Frances Frei is a professor at Harvard Business School. She recently served as Uber’s first Senior Vice President of Leadership and Strategy, and her TED Talk on the topic of building trust has logged over four million views. Anne Morriss is a highly sought-after leadership coach and the executive founder of the Leadership Consortium, a first-of-its-kind leadership accelerator that works to help diverse leaders thrive.
Below, Frances and Anne share 5 key insights from their new book, Unleashed: The Unapologetic Leader’s Guide to Empowering Everyone Around You. Download the Next Big Idea App to enjoy more audio “Book Bites,” plus Ideas of the Day, ad-free podcast episodes, and more.
1. It’s not about you.
Traditional leadership narratives are based on the idea that the leader is the most important person in the room. But the most effective leaders we’ve studied were actually not focused on themselves; instead, they were intensely focused on the people around them. Real leadership isn’t about you—it’s about how effective you are at empowering other people and unleashing their full potential. You want to create the conditions for others to succeed, whether you’re physically present or not.
2. Trust is the foundation of leadership.
If leadership is all about empowering others, then trust is the emotional framework that makes that exchange possible. Here’s the basic formula for building trust: People tend to trust you when they think they are interacting with the real you (authenticity), when they have faith in your judgment and competence (logic), and when they believe that you understand and care about them (empathy). Authenticity, logic, and empathy are the three pillars of the Trust Triangle, and if any of these pillars gets wobbly, small changes in behavior can go a long way.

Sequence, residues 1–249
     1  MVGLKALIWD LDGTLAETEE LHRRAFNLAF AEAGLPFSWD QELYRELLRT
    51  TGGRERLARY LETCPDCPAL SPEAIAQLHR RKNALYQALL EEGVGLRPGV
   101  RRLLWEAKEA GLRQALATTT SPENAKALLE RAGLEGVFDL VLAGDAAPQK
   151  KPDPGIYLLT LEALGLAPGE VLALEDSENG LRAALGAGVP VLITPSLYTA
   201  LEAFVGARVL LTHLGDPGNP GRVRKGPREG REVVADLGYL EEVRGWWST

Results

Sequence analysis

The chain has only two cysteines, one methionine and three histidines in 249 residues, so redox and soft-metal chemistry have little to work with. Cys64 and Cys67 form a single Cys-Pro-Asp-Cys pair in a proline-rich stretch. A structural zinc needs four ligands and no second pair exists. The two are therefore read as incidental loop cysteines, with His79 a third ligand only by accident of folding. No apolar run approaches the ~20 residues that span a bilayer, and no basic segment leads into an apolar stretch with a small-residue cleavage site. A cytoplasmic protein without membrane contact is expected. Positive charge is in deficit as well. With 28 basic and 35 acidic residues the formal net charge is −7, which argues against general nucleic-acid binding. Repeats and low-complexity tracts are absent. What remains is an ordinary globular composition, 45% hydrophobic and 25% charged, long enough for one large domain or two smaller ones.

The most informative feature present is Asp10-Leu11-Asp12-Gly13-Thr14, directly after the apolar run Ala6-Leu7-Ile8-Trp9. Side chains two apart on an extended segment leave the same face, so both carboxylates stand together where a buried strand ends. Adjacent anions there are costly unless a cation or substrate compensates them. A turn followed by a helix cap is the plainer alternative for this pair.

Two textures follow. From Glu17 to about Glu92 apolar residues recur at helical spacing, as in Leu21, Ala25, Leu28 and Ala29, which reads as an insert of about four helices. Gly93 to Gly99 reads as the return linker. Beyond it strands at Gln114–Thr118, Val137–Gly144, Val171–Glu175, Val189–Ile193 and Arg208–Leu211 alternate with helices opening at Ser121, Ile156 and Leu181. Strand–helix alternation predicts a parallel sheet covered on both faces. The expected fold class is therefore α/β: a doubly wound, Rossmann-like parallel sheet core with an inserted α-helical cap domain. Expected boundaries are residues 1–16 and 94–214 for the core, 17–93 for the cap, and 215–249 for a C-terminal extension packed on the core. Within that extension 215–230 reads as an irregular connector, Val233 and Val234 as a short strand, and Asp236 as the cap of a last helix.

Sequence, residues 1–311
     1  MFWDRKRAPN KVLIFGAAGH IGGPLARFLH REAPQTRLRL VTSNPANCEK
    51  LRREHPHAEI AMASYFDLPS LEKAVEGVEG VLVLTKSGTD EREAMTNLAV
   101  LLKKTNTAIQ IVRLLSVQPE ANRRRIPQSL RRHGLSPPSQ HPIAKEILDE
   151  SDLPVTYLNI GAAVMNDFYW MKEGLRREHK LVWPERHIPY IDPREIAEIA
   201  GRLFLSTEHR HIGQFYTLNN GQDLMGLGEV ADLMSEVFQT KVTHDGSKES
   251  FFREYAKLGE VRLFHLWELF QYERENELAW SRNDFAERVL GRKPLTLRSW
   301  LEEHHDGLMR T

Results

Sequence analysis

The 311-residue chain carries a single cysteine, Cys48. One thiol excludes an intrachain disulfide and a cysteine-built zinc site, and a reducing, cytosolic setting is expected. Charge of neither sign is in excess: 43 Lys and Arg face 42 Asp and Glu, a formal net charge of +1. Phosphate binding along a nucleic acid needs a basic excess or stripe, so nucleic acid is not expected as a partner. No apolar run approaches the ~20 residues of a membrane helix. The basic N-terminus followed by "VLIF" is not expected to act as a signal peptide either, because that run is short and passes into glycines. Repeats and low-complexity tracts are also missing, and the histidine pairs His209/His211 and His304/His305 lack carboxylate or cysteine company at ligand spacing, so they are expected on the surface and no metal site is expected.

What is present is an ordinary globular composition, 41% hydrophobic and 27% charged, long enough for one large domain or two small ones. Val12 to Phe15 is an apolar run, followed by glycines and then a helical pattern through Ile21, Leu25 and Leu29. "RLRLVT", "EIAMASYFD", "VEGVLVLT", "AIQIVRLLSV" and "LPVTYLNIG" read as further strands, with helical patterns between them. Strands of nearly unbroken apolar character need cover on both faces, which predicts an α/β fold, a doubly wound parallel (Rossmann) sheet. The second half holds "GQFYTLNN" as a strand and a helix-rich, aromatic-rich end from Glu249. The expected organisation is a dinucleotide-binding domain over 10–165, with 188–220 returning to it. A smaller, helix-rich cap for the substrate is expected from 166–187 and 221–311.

“Real leadership isn’t about you—it’s about how effective you are at empowering other people and unleashing their full potential.”
3. Leadership works best when you set high standards and reveal deep devotion at the same time.
When a leader’s expectations are high and clear, we tend to stretch to reach them, and we’re far more likely to meet those expectations when a leader truly has our back. It’s tough love that places equal emphasis on the toughness and the love. To begin embodying this, use positive reinforcement: Catch someone in the act of behaving exactly how you want them to, and using sincere and specific praise, describe the behavior in detail so that they know what to do again next time.
4. Leaders who champion difference can create an unbeatable advantage.
The “common information effect” is a phenomenon in which people tend to seek out and affirm their group members’ shared knowledge. In a diverse team under traditional management, this actually limits the information that’s available for collective decision-making, because there is less overlapping knowledge and experience among team members. But when managers deliberately focus on creating spaces where people can bring their full, unique selves to the table, diversity creates an unbeatable advantage by dramatically expanding the amount of information a team can access.
5. Inclusion has four progressive stages: safe, welcome, celebrated, and cherished.
You can’t get to the higher stages where everyone feels welcome, for example, without first making sure that they feel physically and emotionally safe. If I’m worried about being harassed or contracting a virus in the workplace, then you haven’t yet earned the right to think about how welcome I feel. But at those higher stages is where organizations start to realize the competitive advantages of diversity—and compared to other company-wide initiatives, it’s not that hard to create a truly inclusive workplace.
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